Having just completed another year of judging for the SIP Northwest Wine Awards, it's time for me to reflect again on a few trends and developments that two days of blind tasting and judging reveal. If you're interested in reading about some of the unique challenges of judging this kind of event, check out my most recent column.
My first takeaway is, as always, to marvel at the sheer variety. Almost every grape imaginable was represented, at least in one wine, and it's clear that local winemakers are limited only by their imagination. That's not to say that all those experimental varietals were good...but success is hard to come by without first failing a few times.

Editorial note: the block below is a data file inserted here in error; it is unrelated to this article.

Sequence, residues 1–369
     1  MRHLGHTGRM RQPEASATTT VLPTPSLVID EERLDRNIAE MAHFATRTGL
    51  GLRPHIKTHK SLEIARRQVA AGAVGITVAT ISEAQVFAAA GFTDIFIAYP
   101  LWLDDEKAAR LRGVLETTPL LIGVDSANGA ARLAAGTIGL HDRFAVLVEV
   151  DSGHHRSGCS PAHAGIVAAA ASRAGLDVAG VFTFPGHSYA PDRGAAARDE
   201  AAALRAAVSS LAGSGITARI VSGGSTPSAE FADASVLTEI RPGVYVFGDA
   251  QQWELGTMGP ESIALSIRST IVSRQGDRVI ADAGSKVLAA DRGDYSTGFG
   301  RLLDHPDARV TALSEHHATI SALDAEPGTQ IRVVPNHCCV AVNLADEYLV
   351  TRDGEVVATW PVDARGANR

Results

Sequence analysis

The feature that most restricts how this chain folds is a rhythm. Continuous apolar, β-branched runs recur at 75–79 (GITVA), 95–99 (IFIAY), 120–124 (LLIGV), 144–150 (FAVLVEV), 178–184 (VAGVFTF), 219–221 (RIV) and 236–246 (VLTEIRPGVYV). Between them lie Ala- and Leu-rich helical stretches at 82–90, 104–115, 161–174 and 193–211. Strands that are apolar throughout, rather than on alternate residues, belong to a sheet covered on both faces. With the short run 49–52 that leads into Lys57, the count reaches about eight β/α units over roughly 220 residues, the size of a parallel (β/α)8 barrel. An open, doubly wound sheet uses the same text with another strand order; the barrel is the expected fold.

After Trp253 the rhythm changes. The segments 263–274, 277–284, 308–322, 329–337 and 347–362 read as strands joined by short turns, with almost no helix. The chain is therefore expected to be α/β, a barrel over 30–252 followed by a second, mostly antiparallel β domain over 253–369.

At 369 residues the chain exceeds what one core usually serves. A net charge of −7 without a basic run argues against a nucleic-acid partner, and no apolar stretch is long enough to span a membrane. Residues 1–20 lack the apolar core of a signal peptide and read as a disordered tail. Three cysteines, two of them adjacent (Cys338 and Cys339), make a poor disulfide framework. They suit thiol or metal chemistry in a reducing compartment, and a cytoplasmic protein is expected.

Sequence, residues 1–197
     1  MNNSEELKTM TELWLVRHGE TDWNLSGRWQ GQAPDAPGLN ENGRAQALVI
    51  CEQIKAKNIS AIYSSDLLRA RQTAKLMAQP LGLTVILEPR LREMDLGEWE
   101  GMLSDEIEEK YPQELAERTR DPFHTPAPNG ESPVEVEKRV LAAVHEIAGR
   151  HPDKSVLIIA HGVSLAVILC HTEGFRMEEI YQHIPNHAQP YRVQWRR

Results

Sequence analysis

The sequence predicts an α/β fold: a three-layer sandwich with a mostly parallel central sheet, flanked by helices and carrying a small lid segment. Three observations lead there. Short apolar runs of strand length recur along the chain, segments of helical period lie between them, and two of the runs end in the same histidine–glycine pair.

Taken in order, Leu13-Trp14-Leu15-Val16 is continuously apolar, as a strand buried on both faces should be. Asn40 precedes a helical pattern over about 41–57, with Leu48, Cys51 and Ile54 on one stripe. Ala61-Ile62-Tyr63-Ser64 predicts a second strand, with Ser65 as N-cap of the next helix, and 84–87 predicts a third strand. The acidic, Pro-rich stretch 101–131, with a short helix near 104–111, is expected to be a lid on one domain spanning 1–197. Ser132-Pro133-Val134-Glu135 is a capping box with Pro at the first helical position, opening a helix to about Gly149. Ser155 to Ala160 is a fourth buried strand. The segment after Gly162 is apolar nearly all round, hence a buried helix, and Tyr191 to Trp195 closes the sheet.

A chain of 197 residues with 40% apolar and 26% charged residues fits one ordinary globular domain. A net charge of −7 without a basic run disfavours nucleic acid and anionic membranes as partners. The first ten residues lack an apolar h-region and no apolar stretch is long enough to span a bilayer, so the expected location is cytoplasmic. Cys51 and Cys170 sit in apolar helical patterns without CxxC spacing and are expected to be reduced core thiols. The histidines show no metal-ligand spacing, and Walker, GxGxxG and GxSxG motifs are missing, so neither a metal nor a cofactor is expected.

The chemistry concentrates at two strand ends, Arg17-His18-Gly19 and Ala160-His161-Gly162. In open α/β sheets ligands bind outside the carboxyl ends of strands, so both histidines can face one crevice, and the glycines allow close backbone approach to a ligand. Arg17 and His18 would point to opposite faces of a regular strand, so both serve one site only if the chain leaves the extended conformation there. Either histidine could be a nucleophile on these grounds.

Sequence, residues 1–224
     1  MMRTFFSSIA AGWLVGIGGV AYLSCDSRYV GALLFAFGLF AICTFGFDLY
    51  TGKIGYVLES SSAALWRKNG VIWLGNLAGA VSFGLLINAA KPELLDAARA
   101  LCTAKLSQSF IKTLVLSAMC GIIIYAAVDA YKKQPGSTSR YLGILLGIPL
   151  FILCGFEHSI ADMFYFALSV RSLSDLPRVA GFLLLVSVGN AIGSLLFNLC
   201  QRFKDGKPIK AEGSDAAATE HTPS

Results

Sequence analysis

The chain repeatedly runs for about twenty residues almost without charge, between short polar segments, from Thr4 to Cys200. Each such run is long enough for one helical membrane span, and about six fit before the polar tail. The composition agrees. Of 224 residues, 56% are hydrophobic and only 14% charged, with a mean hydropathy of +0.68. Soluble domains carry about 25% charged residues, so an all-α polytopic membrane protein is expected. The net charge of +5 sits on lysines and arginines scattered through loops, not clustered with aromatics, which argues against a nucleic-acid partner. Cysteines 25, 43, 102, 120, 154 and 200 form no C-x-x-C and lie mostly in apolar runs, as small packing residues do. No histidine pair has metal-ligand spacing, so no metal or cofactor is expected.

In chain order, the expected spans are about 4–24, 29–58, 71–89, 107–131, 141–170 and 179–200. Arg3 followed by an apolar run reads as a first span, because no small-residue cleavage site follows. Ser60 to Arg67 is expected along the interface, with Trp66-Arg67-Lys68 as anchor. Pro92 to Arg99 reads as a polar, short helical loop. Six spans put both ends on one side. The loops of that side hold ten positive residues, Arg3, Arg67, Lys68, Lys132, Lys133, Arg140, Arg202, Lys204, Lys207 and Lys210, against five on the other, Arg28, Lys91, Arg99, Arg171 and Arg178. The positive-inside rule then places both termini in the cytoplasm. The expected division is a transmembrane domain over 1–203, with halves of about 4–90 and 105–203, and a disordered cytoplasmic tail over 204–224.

That said, there's no doubt that the Northwest still has a lot of work to do when it comes to understanding how important aromatics are to wine enjoyment. I tasted a number of wines that were, from a flavor/palate perspective, quite fine, but had all kinds of off aromas: volatile acidity, over-the-top sulfur additions, and the occasional runaway Brettanomyces culture. Other wines seemingly lacked any aromas: it's hard to fathom a Gewurztraminer/Riesling/Viognier blend that didn't smell like anything. While not everyone smells their wine before they taste it, those of us who do have a hard time overlooking such unpleasant, aggressive, or non-existent odors.
In a big, catch-all tasting like this one, the good and bad both come in sizable quantities, but the same could be said about virtually any region in the world. This just happens to be the one I call home!